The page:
Akira Kurosawa’s 1950 film Rashômon has been captivating Western and Japanese audiences alike with its unconventional storytelling of a non-linear narrative. The story structure of Rashômon was considered a breakthrough in cinema for its time, and its influence continues more than half a century on still inspiring modern films and television shows from Star Trek to The Simpsons as well as countless others (Davenport 55).
The main events of Rashômon revolve around disputing accounts of an altercation in the woods involving a samurai, his wife, and a bandit. These accounts paralleled in the plot as they are retold and discussed by a woodcutter and a priest to a commoner while they take cover from the rain under the decrepit Rashômon gate. As their differing stories are told it becomes apparent they are completely irreconcilable, although they all have in common that the samurai is killed. The deceased samurai retells his account through a medium, a segment which encapsulates the brilliance in Kurosawa’s use of mise-en-scène, movement, music and narrative in his films.
Before this scene, we are first witness to the beginning of a progressively more intense debate under the gate between the priest arguing that “men are not entirely sinful” and the commoner arguing against that notion. The rain seems to feed off this moral tension similarly becoming more and more intense. In Kurosawa films, nature is far from a passive backdrop but almost becomes a character itself interacting and reacting to the human characters (Yoshimoto 77). This dramatic tension eventually culminates in a flash of lightning illuminating a close up shot of an Oni figurehead (a Japanese mythological demon) preluding to the film’s encounter with the spiritual world through the medium (Reider 113).
Previous courtyard scenes in which the camera remained entirely static at an eye level angle effectively placing us in the POV of the interrogator. However, this courtyard scene differs through its dynamic content, sound, and camerawork. A deep acousmatic voice moans to a hypnotic drumbeat as the possessed medium rushes towards the camera. These techniques further highlight that a supernatural force from beyond is at play. Kurosawa makes this spirit’s presence and his fury apparent on the screen using nature again with gusts of wind to blow the mediums hair and veil erratically while both the woodcutter and priest are contrastingly unperturbed. Soon after the Samurai’s dubbed voice echoes out of the medium’s mouth and he begins retelling his account, the distortion and emotion in his voice confirms to the audience that he truly is “suffering in darkness”.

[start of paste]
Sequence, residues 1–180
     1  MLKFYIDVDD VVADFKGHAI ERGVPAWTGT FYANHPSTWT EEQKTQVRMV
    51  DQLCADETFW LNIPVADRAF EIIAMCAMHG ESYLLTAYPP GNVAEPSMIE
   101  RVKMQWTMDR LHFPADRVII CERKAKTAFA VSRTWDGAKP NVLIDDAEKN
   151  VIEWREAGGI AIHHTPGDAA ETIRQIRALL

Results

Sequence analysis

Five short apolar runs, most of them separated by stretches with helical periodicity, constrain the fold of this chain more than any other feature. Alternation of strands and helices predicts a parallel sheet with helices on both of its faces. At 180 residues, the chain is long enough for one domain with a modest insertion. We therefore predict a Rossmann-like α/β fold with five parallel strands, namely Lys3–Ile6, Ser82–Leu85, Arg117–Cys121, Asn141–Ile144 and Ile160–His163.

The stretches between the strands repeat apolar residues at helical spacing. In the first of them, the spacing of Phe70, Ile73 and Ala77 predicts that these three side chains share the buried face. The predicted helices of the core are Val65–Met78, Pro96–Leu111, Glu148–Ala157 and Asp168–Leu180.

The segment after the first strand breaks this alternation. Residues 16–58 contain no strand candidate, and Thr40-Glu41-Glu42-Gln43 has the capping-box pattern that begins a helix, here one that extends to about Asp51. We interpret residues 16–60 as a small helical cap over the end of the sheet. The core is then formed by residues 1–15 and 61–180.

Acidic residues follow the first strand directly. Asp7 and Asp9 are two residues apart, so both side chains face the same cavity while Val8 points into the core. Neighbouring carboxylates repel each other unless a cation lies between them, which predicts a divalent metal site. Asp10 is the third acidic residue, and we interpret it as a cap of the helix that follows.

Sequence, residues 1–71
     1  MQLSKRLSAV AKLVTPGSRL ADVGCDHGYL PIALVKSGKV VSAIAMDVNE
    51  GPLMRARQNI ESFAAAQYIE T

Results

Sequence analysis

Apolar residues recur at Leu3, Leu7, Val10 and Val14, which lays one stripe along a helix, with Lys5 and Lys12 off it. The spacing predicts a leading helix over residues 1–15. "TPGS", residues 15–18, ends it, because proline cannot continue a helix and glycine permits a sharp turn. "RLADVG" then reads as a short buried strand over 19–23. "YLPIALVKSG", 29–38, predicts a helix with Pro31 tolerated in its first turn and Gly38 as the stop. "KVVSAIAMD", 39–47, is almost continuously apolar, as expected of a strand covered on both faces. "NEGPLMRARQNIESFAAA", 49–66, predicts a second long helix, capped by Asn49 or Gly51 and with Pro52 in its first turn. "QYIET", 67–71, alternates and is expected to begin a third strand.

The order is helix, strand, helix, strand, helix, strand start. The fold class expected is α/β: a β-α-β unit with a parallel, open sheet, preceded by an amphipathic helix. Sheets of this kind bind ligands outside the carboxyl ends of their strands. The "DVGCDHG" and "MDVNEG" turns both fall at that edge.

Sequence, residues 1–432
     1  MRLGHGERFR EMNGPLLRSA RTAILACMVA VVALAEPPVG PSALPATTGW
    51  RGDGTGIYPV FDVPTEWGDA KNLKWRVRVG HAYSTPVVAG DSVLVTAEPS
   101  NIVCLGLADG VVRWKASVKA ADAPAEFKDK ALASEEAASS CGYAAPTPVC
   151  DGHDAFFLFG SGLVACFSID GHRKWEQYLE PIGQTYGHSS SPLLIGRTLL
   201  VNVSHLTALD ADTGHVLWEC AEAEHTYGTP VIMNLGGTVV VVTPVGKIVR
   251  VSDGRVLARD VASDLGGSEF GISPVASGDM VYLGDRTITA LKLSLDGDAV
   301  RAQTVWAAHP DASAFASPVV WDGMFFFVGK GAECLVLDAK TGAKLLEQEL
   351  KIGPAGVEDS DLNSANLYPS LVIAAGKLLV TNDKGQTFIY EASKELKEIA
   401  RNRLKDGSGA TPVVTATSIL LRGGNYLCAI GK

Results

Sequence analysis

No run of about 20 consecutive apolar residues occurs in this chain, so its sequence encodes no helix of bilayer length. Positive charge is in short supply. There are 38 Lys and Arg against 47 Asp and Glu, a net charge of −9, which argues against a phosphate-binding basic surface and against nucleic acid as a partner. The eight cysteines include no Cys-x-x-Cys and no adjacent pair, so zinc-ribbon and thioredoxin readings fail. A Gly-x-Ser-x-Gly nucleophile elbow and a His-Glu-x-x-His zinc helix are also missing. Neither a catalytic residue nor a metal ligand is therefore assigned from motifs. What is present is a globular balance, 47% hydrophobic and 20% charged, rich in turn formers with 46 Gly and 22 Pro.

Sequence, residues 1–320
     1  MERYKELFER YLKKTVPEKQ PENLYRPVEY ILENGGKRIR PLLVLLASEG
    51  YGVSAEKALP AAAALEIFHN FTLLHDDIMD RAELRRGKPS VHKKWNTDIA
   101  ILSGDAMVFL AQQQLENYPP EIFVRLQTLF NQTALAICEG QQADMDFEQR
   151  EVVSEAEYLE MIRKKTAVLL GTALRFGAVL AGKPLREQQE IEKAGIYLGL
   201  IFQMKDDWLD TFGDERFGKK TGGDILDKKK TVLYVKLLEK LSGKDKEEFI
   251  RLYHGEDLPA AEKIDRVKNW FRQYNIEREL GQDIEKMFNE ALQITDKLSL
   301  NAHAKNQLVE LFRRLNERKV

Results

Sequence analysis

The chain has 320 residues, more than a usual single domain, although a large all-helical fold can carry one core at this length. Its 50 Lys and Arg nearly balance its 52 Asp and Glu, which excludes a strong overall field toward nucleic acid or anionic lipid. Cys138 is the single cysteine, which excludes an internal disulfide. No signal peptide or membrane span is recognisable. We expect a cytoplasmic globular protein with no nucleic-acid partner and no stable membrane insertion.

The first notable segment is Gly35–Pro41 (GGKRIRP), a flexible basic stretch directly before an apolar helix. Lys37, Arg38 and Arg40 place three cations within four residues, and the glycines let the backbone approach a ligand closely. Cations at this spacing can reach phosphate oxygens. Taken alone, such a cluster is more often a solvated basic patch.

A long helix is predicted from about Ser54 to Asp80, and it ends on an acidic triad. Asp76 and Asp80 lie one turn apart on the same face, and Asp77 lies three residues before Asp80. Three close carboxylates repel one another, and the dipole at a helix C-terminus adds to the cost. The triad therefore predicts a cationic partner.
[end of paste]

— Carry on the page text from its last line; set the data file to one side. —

The cut from the interrogation scene in Kyoto back to the woods is edited in Kurosawa’s signature style, cutting on the wild movement of the medium’s hair and veil blowing intensely in the wind to a motionless establishing shot of Tajômaru the bandit consoling the samurai’s wife in a medium shot, efficiently communicating the scene change to the viewer. This medium shot zooms out to reveal it is the captured samurai’s perspective we are sharing. Again we see the scene through a murky light obscured by the shadows of overhanging vegetation, which Kurosawa’s cinematographer Miyagawa Kazuo established previously in the famous skyward shot directly at the sun which at the time was “taboo in cinematography” (Kurosawa 137). These dim woodland shadows, a specific effect Kurosawa created using natural light and mirrors taken from the costume department (Rashômon -Turner Classic Movies), take on meaning as a visual motif reminding us of the obscurity surrounding the truth. This truth which the three weary travellers (and the audience) yearn for and bicker about stays hidden throughout the entire film remaining concealed within the shadows of deception cast by human weakness. The darkness and shadows cast by each character are as different as their accounts, each creating different fusions of the same sins of pride, jealousy, greed, and rage that condemn every other character but the teller of the tale.